The year is 1914, Sherlock Holmes has since passed on and the Victorian Era has closed. Doctor Watson, still alive and kicking, receives an unexpected guest...
Missions revels in a wash of ambiguity, leaving the reader to decipher its position on ethics and action in the post 9-11 age and ultimately decide for themselves what to take away from it.
In The Promise, whether he started out with this in mind or not, the author tackles the tricky subject of grief, and the lengths we might go to in order to resolve it.
Ah, the Tom Clancy universe, where the book titles are meaningless, the righteous are Republicans, women exist sometimes, and everyone is above the law...
David Mamet returns to old stomping grounds in the prohibition-era crime novel "Chicago." It's everything you would expect from him, so buckle up.
The first book in a long series, but the origin stories are always the best. And it takes place in Chicago! What's not to love?
With the proliferation of vampire/werewolf/whatever novels over the past decade-plus, you need some serious confidence to throw your hat in that ring. A writer needs to differentiate themselves from everything else out there, whether through world-building or a clever hook, and they need to do it without looking like they’re trying too hard. In A Tracker’s... Continue Reading →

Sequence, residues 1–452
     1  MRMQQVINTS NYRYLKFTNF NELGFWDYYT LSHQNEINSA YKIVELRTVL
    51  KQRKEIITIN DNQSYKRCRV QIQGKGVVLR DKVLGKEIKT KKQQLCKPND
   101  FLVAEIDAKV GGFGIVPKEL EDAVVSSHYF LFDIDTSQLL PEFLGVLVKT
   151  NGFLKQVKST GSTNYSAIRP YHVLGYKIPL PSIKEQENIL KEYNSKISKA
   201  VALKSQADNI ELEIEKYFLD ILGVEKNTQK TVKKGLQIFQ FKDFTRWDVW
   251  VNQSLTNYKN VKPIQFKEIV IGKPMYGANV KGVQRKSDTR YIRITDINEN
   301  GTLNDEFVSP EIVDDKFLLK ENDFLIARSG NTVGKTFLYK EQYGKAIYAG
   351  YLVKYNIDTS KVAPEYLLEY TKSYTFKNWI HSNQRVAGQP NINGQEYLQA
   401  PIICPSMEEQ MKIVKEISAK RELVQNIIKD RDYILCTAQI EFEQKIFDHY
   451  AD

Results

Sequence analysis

At this point, author Alex Grecian has several more "Scotland Yard's Murder Squad" novels out and about. The Black Country is the second one in the series and also the second one I have read after the outstanding The Yard (read the review here). The Black Country differs quite a bit from the first novel. The locale is... Continue Reading →
It’s not often I see contemporary thriller broken up into three books. It could be a cheap stunt to suck dollars out of readers (like how The Hobbit is three movies). But three separate books work well here. Each book could almost stand alone, but not quite. They rely on each other. Side note:... Continue Reading →